Called Making It New, the five-minute song will receive its world premiere in April when the Renfrew Street building is officially opened. It will be performed by the GSA Choir, to music by Glasgow-born composer Ken Johnston.
"It's about art and creativity," Lochhead explained. "It's about how art comes from a small seed and it's about working on art. It's about technique and about learning technique, and about how you should be able to actually produce the art.
"I suppose it's probably an anti-conceptual art song. One of my favourite bits of the lyrics is: 'It takes technique to achieve what is to our species unique - art.'" The Reid Building - named after the GSA's former director Professor Seona Reid - is currently being completed opposite the Mackintosh building in Glasgow's city centre.
Its interior is taking shape and just last week the caps were removed from the tops of three "driven voids of light" which allow natural light to flood into the depth of the building.
The project for a new choral work, which received Creative Scotland funding, is the brainchild of 22-year-old GSA student Jamie Sansbury who, as well as studying architecture at the school, is also its budding Gareth Malone: a veteran of the National Youth Choir of Scotland in his native Edinburgh. He set up the GSA Choir in 2012 and, from humble beginnings, it can now draw on the voices of up to 50 singers.
"It's a three-part piece, but you could have it sung by 100 people or 20," he explained.
"I'm expecting there to be 55 people when we start rehearsals, but because of the prestige of this commission I would imagine we might get five or 10 other folk added to that."
It was Mr Sansbury who asked GSA graduate Lochhead to take part in the project and who nudged her in the direction of musical theatre and the great American composers of the mid 20th century. It turned out it was a subject she knew well already.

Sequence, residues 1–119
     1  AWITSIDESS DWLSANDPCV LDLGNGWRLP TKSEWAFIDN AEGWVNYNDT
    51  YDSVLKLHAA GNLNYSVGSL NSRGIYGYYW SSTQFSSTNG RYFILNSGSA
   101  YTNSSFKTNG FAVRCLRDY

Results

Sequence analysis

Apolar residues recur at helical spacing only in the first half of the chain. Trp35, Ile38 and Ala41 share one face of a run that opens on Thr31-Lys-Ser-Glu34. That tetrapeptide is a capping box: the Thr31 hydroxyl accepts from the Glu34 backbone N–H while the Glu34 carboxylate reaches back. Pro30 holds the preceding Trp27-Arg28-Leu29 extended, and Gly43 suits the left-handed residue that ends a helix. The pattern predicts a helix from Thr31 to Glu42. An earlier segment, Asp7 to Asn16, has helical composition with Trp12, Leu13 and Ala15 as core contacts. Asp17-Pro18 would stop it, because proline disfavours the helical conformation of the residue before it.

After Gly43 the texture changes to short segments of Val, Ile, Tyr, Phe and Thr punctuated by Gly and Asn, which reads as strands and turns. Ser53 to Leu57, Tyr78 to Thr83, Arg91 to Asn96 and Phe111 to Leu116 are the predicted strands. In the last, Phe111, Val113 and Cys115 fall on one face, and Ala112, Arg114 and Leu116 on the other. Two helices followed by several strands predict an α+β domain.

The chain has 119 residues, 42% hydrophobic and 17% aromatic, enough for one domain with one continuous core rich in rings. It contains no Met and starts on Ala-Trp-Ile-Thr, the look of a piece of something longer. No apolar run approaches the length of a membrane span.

"My inspiration was the songs of certain musicals that I love," she said, "particularly those Jewish songwriters of the 1940s and 1950s like George and Ira Gershwin, Stephen Sondheim, Lorenz Hart, those sort of people who were playful with lyrics.
"I like reading their lyrics - one of my favourite books is the entire lyrics of Ira Gershwin, which has lots of comments from him. He's not just one of my favourite lyricists of the 20th century, he's one of my favourite poets too."
Her lyrics make mention of Charles Rennie Mackintosh, who designed the famous landmark the new building faces, but the idea is for the core of the song to be able to be used on other occasions and to have a life beyond next April's investiture.
"We were all quite determined the piece could have a life outside the premiere," said Mr Sansbury. "So obviously the song needs to celebrate the building in some way - that's why we're singing in it - but we were quite keen to celebrate what goes on inside the building and the creativity that goes on at the art school so that other folk might want to sing it in the future. So it's become a piece about creativity and art, bookended by a verse about the new building and another with a brief mention of the Mackintosh building."
As yet, Lochhead has not heard her words sung by the choir - rehearsals don't start until next month - and she is not expecting a phone call from Andrew Lloyd Webber when she does.
That, though, is not her biggest regret. "I love choirs," she said. "I wish I could sing well enough to join one - but I was always told to do silent singing at primary school."